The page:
Widening higher education participation has resulted in efforts directed towards increasing higher education access. However, inequality in higher education completion continues to exist. Social factors have been found to play an important role in academic achievement. Given the role of social factors, this article examines the academic outcomes of students from a social network, social capital, and social support perspective with a special focus on underrepresented groups in higher education. The article is based on a systematic review of literature where evidence shows that the networks of students including their family, ethnic and religious affiliations, friends, and faculty play a role in academic success. The article details a framework describing how network members of underrepresented groups complement each other with regard to resources offered and contribute to academic success.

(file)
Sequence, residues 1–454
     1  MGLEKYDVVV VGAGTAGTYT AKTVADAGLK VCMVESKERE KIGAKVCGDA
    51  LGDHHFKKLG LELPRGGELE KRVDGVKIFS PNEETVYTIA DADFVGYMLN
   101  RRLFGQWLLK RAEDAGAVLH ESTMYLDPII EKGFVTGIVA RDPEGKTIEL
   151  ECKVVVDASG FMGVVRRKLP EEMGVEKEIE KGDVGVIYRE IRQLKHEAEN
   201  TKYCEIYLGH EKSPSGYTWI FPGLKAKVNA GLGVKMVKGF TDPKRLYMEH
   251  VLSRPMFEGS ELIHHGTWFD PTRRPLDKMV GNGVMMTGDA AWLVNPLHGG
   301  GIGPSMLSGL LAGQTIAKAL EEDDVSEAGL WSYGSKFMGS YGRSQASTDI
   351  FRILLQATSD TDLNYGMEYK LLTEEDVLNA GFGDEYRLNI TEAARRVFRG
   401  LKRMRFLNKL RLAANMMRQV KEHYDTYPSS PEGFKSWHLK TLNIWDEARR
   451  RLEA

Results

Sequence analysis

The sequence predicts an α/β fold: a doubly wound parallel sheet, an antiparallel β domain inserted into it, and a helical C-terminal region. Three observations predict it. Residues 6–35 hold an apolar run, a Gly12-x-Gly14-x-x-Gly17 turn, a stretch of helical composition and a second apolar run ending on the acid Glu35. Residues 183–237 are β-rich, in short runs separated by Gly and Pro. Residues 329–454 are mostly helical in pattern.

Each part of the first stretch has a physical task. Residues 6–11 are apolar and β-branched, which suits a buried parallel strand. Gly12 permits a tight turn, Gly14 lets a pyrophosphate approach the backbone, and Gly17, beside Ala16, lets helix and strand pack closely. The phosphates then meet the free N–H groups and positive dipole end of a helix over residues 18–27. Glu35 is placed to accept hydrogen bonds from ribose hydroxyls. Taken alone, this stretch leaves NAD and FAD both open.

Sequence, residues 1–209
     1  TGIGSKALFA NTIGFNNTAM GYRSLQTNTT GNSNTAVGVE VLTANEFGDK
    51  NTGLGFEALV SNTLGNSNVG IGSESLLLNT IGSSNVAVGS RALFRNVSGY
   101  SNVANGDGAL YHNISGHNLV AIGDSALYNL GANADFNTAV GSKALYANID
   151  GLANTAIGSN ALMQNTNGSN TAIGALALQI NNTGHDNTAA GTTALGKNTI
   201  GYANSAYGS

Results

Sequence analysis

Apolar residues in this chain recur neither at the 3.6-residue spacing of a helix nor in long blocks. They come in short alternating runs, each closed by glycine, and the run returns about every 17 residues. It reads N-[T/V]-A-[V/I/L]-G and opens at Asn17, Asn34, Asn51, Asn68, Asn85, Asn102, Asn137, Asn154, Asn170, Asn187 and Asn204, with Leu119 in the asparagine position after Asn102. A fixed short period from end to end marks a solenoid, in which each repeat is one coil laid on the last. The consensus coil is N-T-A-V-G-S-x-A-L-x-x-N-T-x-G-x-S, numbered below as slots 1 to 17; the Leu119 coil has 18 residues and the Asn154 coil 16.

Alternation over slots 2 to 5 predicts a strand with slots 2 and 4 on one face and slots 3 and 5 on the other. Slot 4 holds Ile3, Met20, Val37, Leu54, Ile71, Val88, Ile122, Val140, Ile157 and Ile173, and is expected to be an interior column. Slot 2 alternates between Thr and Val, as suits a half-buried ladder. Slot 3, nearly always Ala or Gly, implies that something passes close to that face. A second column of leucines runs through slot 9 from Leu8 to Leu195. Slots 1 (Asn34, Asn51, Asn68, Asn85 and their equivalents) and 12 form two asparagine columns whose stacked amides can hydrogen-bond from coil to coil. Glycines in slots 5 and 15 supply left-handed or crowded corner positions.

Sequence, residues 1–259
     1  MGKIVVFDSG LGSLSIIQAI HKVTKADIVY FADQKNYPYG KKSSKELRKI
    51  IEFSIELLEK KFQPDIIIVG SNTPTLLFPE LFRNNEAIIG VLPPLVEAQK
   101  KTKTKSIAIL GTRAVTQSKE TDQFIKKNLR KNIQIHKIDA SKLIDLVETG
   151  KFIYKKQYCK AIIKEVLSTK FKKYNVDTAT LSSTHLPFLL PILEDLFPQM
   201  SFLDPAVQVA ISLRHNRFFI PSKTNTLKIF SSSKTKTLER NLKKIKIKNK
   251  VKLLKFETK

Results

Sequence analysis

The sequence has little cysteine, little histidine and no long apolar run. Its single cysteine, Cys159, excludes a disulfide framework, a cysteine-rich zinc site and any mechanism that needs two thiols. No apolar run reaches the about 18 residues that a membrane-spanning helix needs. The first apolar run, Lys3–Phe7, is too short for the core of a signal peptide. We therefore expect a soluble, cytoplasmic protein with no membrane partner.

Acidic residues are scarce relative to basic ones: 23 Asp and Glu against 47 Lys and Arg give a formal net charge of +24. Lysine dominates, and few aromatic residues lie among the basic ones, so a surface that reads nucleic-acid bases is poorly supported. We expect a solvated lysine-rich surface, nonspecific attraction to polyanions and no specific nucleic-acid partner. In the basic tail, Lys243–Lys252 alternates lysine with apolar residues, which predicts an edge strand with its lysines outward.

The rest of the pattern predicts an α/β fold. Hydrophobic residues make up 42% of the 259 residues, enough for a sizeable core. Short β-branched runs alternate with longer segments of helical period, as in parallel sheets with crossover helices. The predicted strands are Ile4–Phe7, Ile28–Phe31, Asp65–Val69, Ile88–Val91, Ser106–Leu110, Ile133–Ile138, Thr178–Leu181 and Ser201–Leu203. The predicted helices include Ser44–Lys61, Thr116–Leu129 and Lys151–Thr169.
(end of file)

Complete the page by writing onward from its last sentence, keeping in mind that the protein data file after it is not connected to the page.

Widening higher education participation has gained increased political focus globally in recent years, resulting in efforts directed towards expanding higher education access (Marginson, 2016; Osborne, 2003). Indeed, these political reforms have resulted in an increase in the number and diversity of students entering higher education. For instance, in the last ten years, the enrolment of students aged 25–34 years in tertiary education has increased in all OECD countries, with some countries e.g., Australia, Czech Republic, Greece, Iceland, Italy, the Netherlands, Switzerland even reporting an increase of over 10% (OECD, 2018). Furthermore, previously underrepresented groups such as students from low social background are now increasingly becoming a part of the higher education system. Nonetheless, disparities in education achievement continue to exist as increased participation within these groups alone cannot guarantee academic success (Crozier, Reay, Clayton, Collinader, & Grinstead, 2008; Marginson, 2016). It is observed that first-generation learners (Müller & Schneider, 2013; OECD, 2018), those with migration background (Ebert & Heublein, 2017) are still at-risk of dropping out of university without obtaining a degree. The achievement gap between students from high and low socio-economic backgrounds can be attributed partly to the differences in family's resources vis-à-vis finances, academic guidance or information, parental involvement or language skills (Willingham, 2012). Alongside family members, the role of peers and support groups at university also influence academic outcomes. Hossler, Schmidt, and Vesper (1999) highlight the importance of peer support in improving understanding of course materials and clarifying difficult concepts (Gallop & Bastien, 2016). Peer support and networks also determine student's integration and acceptance in higher education institutions which subsequently affects retention and success (Gallop & Bastien, 2016; Nagasawa & Wong, 1999).